“The Black community has this type of stigma towards LGBTQ+ people, or better explained homophobia/transphobia/biphobia/every other phobia towards the community. It would probably decrease minority LGBTQ homelessness because if these families were more supportive, they wouldn’t be forced to relocate to a more comfortable environment,” an anonymous survey respondent reported.
Green echoed a similar sentiment.
“The South Side, I feel like, is largely regarded as the ‘Bible Belt’ of the city. And so you deal with a lot of antiquated ideals and religious indoctrination that is very non-affirming, oppressive and traumatic for people of LGBTQ experience on the South Side of Chicago,” he said.
Other people Green knows have been “victims of ‘DL (down-low) culture,’” in which individuals wanted to be with them, but not publicly.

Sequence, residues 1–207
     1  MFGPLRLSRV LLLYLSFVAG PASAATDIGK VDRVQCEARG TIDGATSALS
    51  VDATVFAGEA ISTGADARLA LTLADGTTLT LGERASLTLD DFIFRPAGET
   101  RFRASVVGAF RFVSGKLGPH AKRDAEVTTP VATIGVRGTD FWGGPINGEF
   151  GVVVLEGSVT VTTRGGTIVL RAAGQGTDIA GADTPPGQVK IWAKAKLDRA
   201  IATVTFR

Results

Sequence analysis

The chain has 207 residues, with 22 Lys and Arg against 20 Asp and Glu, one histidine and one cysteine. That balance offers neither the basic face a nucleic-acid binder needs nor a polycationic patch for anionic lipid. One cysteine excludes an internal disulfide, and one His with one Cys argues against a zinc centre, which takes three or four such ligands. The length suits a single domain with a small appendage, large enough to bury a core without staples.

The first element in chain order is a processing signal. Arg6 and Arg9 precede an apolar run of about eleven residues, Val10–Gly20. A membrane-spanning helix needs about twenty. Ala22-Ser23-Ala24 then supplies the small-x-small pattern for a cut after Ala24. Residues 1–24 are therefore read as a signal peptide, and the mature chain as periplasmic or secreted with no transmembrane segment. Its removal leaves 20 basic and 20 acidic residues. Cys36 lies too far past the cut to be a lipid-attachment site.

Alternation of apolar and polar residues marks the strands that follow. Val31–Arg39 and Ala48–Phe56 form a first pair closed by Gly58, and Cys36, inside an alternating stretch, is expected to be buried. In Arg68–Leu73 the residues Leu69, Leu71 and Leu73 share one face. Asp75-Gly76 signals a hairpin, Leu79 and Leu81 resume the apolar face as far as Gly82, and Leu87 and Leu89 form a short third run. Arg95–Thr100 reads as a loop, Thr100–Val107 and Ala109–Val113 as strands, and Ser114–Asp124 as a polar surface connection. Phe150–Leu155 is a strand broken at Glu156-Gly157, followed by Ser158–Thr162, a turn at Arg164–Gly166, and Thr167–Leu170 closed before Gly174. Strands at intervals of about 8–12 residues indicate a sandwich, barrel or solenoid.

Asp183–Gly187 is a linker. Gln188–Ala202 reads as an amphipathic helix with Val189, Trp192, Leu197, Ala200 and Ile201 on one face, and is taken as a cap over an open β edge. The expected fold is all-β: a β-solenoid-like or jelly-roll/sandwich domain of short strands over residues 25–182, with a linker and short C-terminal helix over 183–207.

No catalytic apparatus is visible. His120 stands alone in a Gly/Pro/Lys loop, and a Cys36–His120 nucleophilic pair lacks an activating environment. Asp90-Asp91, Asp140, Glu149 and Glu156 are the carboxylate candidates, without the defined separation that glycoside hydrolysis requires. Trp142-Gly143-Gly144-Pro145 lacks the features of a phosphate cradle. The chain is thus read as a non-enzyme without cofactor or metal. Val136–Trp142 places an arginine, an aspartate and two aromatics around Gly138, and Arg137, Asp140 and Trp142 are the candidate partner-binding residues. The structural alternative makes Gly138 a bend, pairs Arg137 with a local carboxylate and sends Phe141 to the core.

Because of the historical discrimination faced by the LGBTQ community on the South Side, Green said LGBTQ individuals used to frequently move to the North Side or resettle in the north suburbs. He thinks this is changing.
“Nowadays, my friends are living their truth right in the center of Englewood or on 79th. They have this perspective on life that’s like, ‘nobody’s gonna tell me how to be anything different than myself.’”
The committee plans to address a wide range of social needs through the center, allowing the community to guide the conversation about and direction of the project.